Labelling sexually active schoolgirls “sluts” and other name calling was the most common form of sexual harassment in schools, Sex Discrimination Commissioner Pru Goward said earlier this year. She said that, although no data existed on sexual harassment in schools, it was a serious social problem with one in four Australians experiencing it at least once throughout their working lives.
"It doesn't occur in quite the same way I think it occurs amongst adults, for example you don't get the same instance of rape and sexual assault between school children, but you certainly get a lot of name calling and a lot of verbal abuse that amounts to sexual harassment," Ms Goward said. "It's interesting kids are very conscious of harassment coming from staff ... but they are not quite so confident when it's their peers."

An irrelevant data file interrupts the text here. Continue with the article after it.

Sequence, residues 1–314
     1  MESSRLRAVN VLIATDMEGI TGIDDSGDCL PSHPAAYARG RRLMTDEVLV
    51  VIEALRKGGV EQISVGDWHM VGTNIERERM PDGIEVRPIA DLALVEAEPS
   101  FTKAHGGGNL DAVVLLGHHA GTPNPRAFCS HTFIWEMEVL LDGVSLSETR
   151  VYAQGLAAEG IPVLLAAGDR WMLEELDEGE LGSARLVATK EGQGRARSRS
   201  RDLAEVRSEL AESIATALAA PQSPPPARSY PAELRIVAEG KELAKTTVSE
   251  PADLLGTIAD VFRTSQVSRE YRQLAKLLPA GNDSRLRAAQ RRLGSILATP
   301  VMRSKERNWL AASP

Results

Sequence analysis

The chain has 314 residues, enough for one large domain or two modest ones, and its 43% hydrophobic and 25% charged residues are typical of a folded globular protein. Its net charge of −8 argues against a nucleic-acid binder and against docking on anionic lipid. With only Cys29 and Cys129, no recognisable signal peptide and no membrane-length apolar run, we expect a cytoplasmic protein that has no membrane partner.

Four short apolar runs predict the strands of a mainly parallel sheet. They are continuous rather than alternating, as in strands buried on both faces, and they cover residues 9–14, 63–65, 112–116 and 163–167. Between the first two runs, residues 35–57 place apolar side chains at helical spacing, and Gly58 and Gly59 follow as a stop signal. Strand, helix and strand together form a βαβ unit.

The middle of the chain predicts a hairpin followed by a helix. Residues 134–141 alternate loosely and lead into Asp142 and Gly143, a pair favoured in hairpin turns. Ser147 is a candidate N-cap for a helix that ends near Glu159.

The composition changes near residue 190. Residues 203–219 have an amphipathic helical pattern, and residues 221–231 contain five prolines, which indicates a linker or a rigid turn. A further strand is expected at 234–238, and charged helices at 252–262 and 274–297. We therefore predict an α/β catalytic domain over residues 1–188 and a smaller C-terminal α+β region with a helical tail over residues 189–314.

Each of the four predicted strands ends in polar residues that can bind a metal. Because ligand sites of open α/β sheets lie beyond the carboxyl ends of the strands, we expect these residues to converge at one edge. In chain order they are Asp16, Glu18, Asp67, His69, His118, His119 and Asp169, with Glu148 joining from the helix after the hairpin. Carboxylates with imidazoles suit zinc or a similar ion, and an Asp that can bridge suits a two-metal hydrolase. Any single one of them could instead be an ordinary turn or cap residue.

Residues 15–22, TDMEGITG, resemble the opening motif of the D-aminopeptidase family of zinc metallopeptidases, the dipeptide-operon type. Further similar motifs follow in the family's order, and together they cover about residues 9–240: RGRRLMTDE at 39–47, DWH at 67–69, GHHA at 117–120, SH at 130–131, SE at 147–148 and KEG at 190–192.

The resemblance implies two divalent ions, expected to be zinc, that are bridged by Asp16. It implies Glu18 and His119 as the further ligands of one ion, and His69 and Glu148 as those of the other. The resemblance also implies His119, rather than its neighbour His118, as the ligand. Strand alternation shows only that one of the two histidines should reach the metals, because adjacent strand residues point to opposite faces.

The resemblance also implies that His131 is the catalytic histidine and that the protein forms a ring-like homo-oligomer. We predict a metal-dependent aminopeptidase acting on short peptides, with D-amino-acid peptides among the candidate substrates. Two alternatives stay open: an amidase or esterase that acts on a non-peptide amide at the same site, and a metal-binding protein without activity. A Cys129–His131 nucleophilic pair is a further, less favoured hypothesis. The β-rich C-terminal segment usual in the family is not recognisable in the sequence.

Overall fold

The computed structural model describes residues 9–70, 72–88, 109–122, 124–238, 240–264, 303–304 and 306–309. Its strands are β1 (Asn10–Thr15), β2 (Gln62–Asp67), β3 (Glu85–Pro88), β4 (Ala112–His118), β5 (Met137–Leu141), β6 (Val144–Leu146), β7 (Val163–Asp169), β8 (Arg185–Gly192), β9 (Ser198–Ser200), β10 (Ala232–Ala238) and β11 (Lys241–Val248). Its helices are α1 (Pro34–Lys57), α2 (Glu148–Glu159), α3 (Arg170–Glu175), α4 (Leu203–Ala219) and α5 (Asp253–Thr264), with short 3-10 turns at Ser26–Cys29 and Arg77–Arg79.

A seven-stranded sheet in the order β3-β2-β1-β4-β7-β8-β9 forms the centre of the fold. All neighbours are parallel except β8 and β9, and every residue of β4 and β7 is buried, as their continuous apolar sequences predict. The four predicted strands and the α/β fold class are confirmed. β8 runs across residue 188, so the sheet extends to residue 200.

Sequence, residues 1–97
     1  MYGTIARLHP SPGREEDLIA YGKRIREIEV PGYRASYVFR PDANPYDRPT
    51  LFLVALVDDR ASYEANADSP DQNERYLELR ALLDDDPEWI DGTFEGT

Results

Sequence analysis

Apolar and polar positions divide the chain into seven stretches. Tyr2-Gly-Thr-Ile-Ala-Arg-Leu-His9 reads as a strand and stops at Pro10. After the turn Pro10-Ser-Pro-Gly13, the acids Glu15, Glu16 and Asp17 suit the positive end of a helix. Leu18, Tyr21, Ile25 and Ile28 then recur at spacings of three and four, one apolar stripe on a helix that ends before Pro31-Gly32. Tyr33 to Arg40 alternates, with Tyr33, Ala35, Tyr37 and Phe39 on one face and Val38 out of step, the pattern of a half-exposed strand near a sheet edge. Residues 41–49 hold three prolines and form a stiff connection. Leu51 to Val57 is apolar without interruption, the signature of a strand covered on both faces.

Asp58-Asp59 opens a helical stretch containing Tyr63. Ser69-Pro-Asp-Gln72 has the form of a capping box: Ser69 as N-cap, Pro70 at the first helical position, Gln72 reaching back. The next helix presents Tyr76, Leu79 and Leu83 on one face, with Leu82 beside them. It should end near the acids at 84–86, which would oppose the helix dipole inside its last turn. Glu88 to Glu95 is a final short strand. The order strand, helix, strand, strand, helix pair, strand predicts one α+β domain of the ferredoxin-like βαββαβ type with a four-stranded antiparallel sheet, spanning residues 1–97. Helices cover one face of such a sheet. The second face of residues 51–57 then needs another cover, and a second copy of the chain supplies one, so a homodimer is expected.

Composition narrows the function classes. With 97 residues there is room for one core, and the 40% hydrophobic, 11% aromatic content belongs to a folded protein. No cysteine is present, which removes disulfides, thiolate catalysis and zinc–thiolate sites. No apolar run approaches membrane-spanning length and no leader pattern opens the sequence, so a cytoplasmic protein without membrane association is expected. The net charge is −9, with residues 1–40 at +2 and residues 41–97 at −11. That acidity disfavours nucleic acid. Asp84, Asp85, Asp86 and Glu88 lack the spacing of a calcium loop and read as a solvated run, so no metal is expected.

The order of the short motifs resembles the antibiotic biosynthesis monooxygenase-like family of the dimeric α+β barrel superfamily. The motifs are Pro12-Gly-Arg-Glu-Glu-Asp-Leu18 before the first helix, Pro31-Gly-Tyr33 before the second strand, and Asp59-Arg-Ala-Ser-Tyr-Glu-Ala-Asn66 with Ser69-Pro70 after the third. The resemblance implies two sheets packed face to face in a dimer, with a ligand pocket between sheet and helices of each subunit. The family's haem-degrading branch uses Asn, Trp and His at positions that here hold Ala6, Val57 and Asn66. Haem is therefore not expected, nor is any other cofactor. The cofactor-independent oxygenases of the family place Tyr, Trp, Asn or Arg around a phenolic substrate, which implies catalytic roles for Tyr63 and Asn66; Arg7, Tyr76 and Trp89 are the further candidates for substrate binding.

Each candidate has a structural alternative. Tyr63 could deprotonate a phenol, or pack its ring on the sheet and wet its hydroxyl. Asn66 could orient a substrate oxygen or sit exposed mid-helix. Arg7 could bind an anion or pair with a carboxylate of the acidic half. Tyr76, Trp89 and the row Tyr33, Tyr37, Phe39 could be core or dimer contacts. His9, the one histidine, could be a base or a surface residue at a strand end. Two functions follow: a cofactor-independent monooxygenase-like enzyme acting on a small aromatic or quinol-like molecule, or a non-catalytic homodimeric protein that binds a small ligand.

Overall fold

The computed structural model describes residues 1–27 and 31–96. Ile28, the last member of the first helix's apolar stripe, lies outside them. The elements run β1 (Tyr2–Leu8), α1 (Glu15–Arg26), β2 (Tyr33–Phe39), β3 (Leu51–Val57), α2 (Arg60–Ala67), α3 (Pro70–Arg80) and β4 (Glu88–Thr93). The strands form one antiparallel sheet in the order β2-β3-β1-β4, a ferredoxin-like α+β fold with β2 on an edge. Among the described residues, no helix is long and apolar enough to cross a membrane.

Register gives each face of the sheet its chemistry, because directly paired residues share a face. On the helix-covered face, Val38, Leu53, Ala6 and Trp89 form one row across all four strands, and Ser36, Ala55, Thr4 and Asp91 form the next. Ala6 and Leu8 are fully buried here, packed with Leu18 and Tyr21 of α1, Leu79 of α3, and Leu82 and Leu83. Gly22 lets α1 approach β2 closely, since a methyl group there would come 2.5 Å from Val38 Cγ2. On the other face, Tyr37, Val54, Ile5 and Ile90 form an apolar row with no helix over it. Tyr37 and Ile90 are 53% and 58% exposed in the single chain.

Ms Goward's comments underline the need for schools to have good anti-harassment policies and to educate their students in such matters.
As a recent Victorian case shows, employers can be vicariously liable when their employees sexually harass other employees. A 40 year old store manager harassed a 16 year old sales assistant by unwanted touching and inappropriate comments of a sexual nature. The company which owned the shop had not implemented any harassment policy or procedure for resolving disputes nor had it trained the shop manager in the area of harassment prevention. The company was liable for its manager’s actions since it had not taken reasonable precautions in ensuring that the anti-discrimination laws were not contravened. As a result, the company was ordered to pay damages to the sales assistant.
This case shows how it is important for employers to ensure they have protected both their employees from harassment and themselves against liability for the actions of employees through the implementation and application of anti-harassment policies.
If your school requires help in checking existing policies or drafting new ones.